What happens to the marijuana counterculture when cannabis goes mainstream?
Much of what we think is “cool” today was largely inspired by a counterculture that used cannabis as its primary means of identification.
They went by many names like “Stoner”, “Hippie”, “Potheads” etc. Music, film, literature and our culture on a larger scale were influenced in one way or another by this counterculture.
However, as cannabis gains more legitimacy in the eyes of the world, what used to be considered a “counter” is now becoming “mainstream”.
For example, in the early 1990s, Snoop Dogg was called “not a good thug!” In fact, he wrote many songs about “Thug Life” in his typical rap style.
The same goes for countless other characters including Cheech & Chong, Willie Nelson, virtually every band that has performed at Woodstock, etc.
Mainstream society viewed these people as “a threat to their way of life” and in some ways …
You were right!
In today’s article, we’re going to examine what happens when the counterculture goes mainstream and where we are in that transition today.
The birth of a counterculture
A counterculture can only be born when an already established “culture” dominates society. While cannabis can be thousands of years old, the concept of the “stoner” dates back to the early 1900s.
First described to intoxicate people who are intoxicated with alcohol – as depicted in Ray Charles’ “Let’s Go Get Stoned,” but sometime in the 1950s and 1960s the term shifted to cannabis users.
And then came the hippies …
To understand the birth of a counterculture, we need to understand the culture that produced it. In the 1940s and 1950s, the United States was just emerging from the Great Depression; The Puritan ideology largely dominated the zeitgeist.
Women had only voted for three decades since fighting for that right and winning in 1919. African Americans did not have this right until 1965.
Another great war plagued the world in the 1940s – and it all ended in 1945. This means that the 1950s was a post-war economy and things were starting to improve.
Except for the 1960s, in the 1960s “new threats” from various ideologies allegedly exploded, plaguing the world again, and with it the Cold War that began to brew in the 1950s.
With this new threat came new designs and we got the Vietnam War – the First War that the US entered without gaining the purpose. There was no “enemy” but ideology, and this clash of ideology resulted in thousands of deaths.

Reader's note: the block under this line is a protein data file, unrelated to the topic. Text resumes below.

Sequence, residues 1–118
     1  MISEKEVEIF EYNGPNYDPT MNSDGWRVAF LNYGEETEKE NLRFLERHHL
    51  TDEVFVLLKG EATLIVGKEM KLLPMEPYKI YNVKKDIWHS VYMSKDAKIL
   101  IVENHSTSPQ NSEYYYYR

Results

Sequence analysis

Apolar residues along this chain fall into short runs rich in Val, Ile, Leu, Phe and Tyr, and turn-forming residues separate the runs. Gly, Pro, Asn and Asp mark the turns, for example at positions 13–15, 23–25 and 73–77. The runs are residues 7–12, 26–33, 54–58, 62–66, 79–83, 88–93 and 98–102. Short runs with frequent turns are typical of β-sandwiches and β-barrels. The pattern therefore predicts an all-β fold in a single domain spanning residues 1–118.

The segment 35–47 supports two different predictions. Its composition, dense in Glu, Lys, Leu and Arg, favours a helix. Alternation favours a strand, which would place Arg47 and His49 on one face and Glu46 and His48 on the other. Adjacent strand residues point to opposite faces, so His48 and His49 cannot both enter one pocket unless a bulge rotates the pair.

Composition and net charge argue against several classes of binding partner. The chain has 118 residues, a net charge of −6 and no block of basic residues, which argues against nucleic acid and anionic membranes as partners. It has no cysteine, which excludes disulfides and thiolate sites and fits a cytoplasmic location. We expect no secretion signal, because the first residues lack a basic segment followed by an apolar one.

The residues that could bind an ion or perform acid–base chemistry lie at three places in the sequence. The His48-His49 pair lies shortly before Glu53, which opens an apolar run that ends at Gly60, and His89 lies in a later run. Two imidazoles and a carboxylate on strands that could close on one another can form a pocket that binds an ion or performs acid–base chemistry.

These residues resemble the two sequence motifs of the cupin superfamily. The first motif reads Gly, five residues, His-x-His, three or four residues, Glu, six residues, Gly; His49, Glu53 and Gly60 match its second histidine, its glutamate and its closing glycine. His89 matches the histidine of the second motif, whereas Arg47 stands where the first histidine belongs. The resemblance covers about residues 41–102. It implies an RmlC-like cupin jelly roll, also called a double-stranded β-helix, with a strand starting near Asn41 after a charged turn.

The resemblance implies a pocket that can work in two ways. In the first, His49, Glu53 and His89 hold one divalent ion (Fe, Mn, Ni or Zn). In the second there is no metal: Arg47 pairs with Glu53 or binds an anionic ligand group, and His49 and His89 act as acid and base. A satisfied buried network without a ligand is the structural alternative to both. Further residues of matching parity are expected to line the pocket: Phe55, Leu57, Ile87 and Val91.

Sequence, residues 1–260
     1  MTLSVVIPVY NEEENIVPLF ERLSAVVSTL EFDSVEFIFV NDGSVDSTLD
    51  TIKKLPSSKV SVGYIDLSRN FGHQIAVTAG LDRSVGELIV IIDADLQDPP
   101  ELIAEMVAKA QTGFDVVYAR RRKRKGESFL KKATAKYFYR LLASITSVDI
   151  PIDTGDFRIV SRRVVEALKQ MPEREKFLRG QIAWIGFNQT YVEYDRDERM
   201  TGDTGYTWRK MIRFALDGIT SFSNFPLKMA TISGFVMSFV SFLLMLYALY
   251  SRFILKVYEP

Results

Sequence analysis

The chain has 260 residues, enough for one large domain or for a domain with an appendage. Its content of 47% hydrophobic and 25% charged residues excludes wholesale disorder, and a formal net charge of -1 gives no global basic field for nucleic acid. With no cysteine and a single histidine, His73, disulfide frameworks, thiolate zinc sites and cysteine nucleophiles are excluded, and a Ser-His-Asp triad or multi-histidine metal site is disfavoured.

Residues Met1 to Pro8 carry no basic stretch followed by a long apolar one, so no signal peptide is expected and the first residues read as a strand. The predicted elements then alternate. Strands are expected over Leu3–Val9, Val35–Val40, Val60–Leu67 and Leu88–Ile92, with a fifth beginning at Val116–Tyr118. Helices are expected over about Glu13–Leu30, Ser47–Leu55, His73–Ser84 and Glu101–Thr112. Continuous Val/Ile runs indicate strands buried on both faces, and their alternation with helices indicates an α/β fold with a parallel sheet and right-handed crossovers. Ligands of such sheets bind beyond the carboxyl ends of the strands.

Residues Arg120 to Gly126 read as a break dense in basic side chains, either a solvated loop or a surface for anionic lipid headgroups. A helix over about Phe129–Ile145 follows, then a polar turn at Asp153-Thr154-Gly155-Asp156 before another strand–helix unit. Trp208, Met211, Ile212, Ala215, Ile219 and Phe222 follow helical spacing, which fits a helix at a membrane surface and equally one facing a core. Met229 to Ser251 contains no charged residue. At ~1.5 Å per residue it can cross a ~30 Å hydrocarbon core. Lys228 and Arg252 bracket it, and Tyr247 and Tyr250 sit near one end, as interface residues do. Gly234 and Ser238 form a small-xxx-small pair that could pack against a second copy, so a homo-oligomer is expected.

This led to antiwar movements that then brought all of the oppressed in the United States together under one banner.
Give peace a chance!
Cannabis – the connecting factor
While the struggles of the classes in this cultural soup were far apart, there was one thing that united all participants under one banner – cannabis!
Regardless of their origins, cannabis and subsequent psychedelics became very popular with teenagers in the 1960s.
Some believe that psychedelics were popularized by the Beatles, but then one should also take into account that the CIA experimented with them on unsuspecting Americans as part of the MK-Ultra program.
The fact that these “drugs” were widely used among these war-protesting hippies gave the government an opportunity to expand its “drug enforcement” powers. And so a presidential criminal signed the controlled substances law.
It would change the world forever.
Diamonds are formed under great pressure
This new “weapon” or “policy” as politicians would call it did little to begin with, other than providing a legal excuse to use law enforcement to break up constitutionally sanctioned protests.
However, when the Vietnam War ended and the US was just getting started with the Cold War, this would create a whole different dimension of shitty fucking.